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Eisenhower, Dwight D. (Dwight David)

b. 1890 - d. 1969

Dwight David Eisenhower, 34th U.S. president (1953-1961), was born in Denison, Texas. A five-star general in the U.S. Army, he served as Supreme Commander of the Allied Forces in Europe during World War II. He became president of Columbia University, taking an 18-month leave to serve as first commander of the North Atlantic Treaty Organization (NATO). As Republican candidate for president, Eisenhower won a landslide victory in 1952 with vice presidential running mate Richard Nixon. Unenthusiastic about the U.S. Supreme Court’s 1954 Brown v. Board of Education ruling on segregated schools and about legislating racial equality, Eisenhower nevertheless federalized the Arkansas National Guard to enforce school desegregation in Little Rock in 1957 and signed civil rights bills in 1957 and 1960.

Associated Archive Content : 34 results

Telegram from MLK to President Eisenhower

This is the text of a telegram Dr. King sent to President Eisenhower regarding the contemporaneous events of the opening of desegregated schools and the arrival of Soviet Premier Nikita Khrushchev.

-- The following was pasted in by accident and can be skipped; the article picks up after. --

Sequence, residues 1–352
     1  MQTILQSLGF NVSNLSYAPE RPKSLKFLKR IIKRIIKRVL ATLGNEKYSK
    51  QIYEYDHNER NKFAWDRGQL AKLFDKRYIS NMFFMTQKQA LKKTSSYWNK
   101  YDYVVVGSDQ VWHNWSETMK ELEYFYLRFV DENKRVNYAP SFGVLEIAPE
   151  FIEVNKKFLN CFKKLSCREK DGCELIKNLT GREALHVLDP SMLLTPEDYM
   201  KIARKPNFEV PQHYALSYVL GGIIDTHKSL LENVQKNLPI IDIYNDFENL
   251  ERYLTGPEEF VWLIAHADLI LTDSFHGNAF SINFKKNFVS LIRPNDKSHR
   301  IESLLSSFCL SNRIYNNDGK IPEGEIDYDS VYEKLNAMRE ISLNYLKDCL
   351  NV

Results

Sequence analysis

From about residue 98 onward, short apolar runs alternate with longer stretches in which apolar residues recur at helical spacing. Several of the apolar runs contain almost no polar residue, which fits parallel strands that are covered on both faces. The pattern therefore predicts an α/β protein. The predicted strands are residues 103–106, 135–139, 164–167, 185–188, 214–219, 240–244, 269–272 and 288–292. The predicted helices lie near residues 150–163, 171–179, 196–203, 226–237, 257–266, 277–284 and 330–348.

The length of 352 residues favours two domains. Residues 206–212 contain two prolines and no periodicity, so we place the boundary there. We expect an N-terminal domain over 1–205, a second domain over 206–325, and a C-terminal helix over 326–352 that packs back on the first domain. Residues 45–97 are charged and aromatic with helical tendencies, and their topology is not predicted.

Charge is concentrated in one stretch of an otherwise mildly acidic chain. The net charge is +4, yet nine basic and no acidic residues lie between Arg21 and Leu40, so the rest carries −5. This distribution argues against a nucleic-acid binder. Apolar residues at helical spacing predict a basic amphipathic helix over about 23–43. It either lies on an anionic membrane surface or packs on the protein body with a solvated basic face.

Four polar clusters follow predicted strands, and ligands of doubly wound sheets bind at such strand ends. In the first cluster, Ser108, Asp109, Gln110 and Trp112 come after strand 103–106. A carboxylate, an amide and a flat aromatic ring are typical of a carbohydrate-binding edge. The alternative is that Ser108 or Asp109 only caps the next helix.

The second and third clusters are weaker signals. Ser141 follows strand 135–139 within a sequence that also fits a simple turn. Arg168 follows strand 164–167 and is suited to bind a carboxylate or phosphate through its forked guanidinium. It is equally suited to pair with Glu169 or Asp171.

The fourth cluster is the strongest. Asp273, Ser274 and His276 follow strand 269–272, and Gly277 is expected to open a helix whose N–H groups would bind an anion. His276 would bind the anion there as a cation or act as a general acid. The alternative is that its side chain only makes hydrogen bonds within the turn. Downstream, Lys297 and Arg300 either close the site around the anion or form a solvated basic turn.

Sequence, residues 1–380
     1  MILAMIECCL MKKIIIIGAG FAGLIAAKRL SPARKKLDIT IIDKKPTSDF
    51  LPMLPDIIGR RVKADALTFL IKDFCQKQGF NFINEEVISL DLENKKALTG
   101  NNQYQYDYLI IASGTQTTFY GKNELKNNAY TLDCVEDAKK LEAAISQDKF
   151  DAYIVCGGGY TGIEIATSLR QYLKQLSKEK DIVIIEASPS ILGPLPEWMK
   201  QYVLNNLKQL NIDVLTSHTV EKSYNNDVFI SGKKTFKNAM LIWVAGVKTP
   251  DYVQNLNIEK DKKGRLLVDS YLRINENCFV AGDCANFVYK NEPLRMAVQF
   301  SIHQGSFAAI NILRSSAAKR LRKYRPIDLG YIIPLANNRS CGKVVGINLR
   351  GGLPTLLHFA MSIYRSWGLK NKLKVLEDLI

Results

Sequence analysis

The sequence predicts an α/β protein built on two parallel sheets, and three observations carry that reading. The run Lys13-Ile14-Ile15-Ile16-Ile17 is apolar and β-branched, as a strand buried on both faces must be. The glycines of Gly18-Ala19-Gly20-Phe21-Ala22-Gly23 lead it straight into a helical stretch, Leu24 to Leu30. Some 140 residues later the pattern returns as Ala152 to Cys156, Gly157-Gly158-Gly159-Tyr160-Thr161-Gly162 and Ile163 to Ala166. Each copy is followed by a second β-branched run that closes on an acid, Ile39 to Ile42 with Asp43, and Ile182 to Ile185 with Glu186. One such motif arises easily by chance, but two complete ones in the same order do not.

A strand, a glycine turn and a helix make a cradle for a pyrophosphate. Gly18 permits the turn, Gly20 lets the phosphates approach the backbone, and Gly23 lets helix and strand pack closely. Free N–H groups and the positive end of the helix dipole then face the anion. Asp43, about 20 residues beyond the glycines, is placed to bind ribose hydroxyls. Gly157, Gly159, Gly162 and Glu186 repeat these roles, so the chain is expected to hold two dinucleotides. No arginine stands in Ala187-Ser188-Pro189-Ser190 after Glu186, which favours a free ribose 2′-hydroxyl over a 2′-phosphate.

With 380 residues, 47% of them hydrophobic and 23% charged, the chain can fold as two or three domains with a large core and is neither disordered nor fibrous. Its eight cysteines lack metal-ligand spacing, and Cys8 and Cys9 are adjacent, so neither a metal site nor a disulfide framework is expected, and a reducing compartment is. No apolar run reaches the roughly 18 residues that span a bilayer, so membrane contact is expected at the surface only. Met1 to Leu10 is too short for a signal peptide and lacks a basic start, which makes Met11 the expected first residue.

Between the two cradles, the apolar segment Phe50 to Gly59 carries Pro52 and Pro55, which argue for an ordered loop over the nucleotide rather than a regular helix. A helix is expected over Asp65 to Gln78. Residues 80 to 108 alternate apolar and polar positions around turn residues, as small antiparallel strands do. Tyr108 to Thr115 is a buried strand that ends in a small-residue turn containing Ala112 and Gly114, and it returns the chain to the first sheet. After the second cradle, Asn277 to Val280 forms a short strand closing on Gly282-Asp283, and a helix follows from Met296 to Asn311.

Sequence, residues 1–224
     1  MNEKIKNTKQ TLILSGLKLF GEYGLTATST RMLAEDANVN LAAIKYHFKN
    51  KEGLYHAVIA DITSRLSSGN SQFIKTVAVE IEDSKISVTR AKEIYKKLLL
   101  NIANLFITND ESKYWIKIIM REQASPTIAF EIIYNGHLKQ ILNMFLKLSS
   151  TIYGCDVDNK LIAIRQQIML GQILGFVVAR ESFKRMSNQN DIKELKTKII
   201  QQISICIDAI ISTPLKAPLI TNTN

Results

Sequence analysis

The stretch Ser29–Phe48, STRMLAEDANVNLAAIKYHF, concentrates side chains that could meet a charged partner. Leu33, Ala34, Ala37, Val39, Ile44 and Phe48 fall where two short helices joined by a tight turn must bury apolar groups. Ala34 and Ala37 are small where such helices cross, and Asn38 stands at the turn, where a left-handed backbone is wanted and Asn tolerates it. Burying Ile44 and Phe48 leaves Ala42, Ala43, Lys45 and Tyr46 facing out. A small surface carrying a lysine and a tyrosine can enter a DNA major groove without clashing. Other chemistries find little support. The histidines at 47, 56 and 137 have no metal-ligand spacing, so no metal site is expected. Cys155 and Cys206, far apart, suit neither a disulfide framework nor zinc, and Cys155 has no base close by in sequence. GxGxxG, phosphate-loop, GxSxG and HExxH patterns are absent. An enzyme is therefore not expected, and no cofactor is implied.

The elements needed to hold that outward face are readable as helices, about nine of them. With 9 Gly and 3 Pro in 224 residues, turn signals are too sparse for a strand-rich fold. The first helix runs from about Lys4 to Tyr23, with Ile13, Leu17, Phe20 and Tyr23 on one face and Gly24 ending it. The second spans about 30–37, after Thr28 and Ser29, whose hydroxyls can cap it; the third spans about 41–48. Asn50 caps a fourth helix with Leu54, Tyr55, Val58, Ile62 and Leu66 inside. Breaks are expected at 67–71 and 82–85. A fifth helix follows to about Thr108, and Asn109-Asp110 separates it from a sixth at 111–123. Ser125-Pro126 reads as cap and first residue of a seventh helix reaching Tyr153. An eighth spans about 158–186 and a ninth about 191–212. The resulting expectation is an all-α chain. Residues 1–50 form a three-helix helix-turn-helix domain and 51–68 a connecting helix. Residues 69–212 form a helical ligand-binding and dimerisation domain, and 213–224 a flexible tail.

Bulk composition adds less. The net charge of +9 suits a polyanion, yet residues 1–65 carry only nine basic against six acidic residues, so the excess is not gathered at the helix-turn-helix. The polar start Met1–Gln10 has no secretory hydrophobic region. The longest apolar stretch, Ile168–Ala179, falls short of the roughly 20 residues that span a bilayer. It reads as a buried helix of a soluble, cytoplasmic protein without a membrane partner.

The Future of Integration

Dr. King addresses the issue of the Future of Integration to an assembly at the State University of Iowa on November 11, 1959.

True Democracy

Reverend O. J. P. Wetklo explains his ideas of true democracy, which he gives a Christian foundation and compares to the natural world. He calls true democracy "a perfect brotherhood of man," and he argues that each individual member of society must take responsibility for the whole.

Wave of Violence Against Blacks

This pamphlet produced by the NAACP, New York Branch, begins with the discussion of a controversial statement made by Senator James Eastland and its adverse affect of increased violence among blacks. Eastland attacked the Supreme Court's desegregation edict by stating, "You are not required to obey any court which passes out such a ruling. In fact, you are obligated to defy it." Newspaper clippings are shown with headlines that illustrate the violence, murder, bombings, and attacks blacks faced.

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